Now commanding a brigade in General Edward “Allegheny” Johnson’s division and in General Ewell’s corps, Steuart took part in the many Confederate attempts to dislodge Union troops on Culp’s Hill, at the very right of the Union Army’s flank. Culp’s Hill shielded the main Union supply and communication line along the Baltimore Pike, so Union General George Meade considered it paramount that Culp’s Hill was held. However, after General James Longstreet’s attack on the left flank of the Union Army in late July 2, Culp’s Hill was depleted of defenders – so much so that the nearly 5,000 Confederates outnumbered the less than 1,500 Union men left on the hill. However, the Union defenders had constructed a series of earthworks, and in combination with the rugged terrain, Confederate attackers had a difficult task ahead of them. Steuart’s brigade took part in the unsuccessful attacks on late July 2, gaining some ground near Spangler’s Spring and along Lower Culp’s Hill, and as night fell, could only listen with apprehension as Federals reinforced the section with men and artillery. The next day, Steuart’s position was bombarded by these new guns; they suffered terrible casualties and ran out of ammunition but held their position. Later than morning, General Johnson ordered a bayonet charge against the well-fortified enemy lines. Steuart was horrified by such an order, but reluctantly carried it out. The result was prophetic of the infamous Pickett’s Charge later that day, described by Steuart’s aide-de-camp Reverend Randolph McKim as a “slaughter-pen, from which…there could be no issue but death and defeat.” About 700 men of the 2,000 casaulties of Johnson’s division were from Steuart’s brigade. Steuart was said to have wept over the casualties, crying out “My poor boys!”
Steuart successfully led his infantry at the Battles of Mine Run and the Wilderness. However, his fortunes reversed at Spotsylvania. His brigade was involved in the brutal, close quarters fighting at the Mule Shoe, where his brigade was all but wiped out by General Winfield Scott Hancock’s Union II Corps. Steuart himself was captured by a Pennsylvania colonel. When asked to surrender his sword, Steuart sarcastically responded, “Well, suh, you all waked us up so early this mawnin’ that I didn’t have time to get it on.” Steuart was then brought to General Hancock, who knew him from their shared experience in the regular army before the war. General Hancock politely extended his hand to Steuart and asked, “How are you, Steuart?” But Steuart haughtily refused to shake the general’s hand, disregarding their old friendship for their current enmity. “Considering the circumstance, General, I refuse to take your hand,” he curtly replied. An annoyed Hancock then replied, “Under any other circumstances, general, I should not have offered it.” Afterwards, Steuart supposedly lashed out at a major who offered him a horse to ride to the rear, yet another testament to his eccentric personality.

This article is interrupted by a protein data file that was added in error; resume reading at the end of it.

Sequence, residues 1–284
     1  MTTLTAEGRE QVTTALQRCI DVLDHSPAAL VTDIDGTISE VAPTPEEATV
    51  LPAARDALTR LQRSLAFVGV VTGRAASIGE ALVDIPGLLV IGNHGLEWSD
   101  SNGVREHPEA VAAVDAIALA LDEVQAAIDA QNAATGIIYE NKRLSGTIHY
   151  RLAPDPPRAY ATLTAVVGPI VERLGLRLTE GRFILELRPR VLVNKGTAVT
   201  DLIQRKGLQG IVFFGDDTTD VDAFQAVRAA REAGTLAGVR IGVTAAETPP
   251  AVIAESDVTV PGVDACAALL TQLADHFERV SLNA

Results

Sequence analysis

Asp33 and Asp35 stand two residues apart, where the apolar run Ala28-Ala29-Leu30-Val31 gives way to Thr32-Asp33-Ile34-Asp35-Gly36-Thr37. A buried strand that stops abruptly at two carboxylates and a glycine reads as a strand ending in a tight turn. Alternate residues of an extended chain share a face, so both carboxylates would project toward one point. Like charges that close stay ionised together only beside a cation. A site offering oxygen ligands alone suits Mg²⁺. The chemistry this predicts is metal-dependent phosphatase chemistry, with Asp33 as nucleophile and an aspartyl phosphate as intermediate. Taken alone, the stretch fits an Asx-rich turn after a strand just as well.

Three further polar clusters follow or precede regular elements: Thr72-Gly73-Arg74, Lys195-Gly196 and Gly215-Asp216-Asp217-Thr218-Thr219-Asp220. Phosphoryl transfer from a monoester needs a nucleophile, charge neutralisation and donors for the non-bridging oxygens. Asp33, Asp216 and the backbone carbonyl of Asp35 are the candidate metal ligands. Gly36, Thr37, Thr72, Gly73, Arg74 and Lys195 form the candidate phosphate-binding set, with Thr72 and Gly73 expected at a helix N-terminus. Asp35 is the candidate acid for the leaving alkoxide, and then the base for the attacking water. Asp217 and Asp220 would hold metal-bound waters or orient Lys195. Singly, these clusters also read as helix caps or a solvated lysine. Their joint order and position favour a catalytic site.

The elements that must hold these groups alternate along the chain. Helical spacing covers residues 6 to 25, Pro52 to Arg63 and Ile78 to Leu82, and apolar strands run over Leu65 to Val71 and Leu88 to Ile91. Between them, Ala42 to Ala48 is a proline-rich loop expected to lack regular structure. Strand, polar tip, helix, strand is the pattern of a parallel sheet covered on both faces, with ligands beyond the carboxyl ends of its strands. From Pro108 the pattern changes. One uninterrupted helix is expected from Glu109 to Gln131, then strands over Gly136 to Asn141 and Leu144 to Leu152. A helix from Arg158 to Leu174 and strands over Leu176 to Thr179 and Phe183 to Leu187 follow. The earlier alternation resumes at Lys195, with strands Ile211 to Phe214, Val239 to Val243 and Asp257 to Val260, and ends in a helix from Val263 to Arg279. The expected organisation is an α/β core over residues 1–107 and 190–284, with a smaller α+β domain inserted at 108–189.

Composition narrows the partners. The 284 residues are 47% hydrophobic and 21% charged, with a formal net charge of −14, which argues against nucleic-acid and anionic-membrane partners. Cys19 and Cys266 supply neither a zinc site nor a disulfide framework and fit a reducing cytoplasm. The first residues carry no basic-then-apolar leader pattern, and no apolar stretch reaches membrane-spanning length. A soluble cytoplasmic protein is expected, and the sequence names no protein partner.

Steuart was then imprisoned at Hilton Head, South Carolina, but was exchanged in the summer of 1864. He then commanded a brigade under General George Pickett, of Gettysburg infamy, during Petersburg, Five Forks, and Sayler’s Creek, before surrendering with General Robert E. Lee at Appomattox.
After the war, Steuart swore an oath of loyalty to the Union and returned to Maryland to tend to his family’s plantation at Mount Steuart. He eventually served as commander of the Maryland division of the United Confederate Veterans. He died on November 22, 1903, of an ulcer. He was buried in Green Mount Cemetery in Baltimore, the resting place of another Maryland Confederate Isaac Trimble, as well as John Wilkes Booth.
Join t Fight
Donate today to preserve Civil War battlefields and the nation’s history for generations to come.